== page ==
I try to keep the ferments at least 15 feet away from each other (which is a challenge in a tiny 1 bedroom apartment) so they don’t cross ferment. You don’t really want bacteria from another strain landing on your kombucha or yogurt, because over long periods of time it will change your scoby/culture into something else entirely. It can weaken your cultures, mutate the strains of bacteria and even kill your “bug”.

I am having a lot of fun with fermented beverages right now. We are really enjoying the lacto-fermented lemonade, and it goes really fast. As the weather warms up, it is the perfect time to start experimenting. Ginger Beer is another really easy beverage to make yourself. It is tangy and sweet and bubbly and would be an excellent soda pop replacement for anyone trying to break that addiction.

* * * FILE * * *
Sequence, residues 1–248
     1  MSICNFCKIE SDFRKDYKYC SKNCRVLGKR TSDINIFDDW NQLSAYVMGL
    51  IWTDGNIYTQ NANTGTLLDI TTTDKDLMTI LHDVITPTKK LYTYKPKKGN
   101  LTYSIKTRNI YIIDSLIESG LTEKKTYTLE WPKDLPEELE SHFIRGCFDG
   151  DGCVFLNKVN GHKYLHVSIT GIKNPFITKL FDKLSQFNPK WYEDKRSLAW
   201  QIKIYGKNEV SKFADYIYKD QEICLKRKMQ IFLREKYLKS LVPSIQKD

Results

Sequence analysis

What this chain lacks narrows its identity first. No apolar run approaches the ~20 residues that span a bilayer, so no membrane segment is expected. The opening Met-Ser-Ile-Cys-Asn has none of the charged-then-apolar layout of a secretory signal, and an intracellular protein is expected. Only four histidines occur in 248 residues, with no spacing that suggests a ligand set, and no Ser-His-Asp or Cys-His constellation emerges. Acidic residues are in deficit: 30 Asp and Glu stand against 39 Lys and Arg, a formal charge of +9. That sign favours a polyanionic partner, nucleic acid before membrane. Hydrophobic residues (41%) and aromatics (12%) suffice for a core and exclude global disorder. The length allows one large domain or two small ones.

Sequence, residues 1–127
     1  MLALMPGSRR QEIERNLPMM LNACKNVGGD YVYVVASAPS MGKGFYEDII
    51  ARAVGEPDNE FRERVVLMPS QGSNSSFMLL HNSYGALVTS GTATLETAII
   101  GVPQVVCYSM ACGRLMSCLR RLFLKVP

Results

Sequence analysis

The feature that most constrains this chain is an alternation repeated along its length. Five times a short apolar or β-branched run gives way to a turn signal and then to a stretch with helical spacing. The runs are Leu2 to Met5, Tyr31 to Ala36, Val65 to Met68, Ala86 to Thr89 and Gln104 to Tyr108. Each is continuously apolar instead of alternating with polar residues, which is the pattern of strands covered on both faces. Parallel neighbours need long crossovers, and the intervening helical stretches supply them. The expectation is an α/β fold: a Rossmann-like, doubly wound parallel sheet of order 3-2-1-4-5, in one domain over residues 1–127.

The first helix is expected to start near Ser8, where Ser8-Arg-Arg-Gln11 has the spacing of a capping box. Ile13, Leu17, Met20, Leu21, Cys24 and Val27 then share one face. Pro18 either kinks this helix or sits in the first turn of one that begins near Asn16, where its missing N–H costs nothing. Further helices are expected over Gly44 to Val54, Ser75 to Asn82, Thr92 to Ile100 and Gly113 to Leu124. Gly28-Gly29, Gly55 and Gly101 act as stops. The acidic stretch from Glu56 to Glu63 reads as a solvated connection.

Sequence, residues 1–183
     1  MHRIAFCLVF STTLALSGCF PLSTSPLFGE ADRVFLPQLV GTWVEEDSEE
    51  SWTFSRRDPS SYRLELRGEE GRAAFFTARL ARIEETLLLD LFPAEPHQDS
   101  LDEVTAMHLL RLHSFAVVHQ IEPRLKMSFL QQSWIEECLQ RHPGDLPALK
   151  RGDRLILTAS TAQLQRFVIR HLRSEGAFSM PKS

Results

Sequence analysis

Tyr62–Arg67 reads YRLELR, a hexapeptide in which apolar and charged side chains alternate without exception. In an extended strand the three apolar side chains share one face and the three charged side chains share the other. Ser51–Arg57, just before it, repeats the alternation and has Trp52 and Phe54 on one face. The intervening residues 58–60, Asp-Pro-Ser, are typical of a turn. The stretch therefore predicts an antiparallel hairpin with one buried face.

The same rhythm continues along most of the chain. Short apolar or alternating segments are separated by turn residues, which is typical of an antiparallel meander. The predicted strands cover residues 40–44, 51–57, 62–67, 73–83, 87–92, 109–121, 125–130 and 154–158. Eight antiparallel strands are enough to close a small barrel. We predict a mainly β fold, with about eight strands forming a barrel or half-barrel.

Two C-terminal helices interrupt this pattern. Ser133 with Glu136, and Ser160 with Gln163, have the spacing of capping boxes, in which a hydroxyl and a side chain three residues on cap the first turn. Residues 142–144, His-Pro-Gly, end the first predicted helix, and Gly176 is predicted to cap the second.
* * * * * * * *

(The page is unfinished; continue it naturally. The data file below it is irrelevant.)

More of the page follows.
Ginger Beer Bug

Small glass jar

1 1/2 cups purified water

2 tsp sugar

2 tsp ground ginger powder

Mix ginger, sugar and water. Cover jar with a coffee filter or towel and leave on the counter at room temperature. Every day feed the bug 2 tsp of sugar and 2 tsp of ground ginger. Around day 7 you should see bubbles when you stir the bug. That means it’s ready. Don’t panic if this takes longer, I have had it take almost 3 weeks in the winter.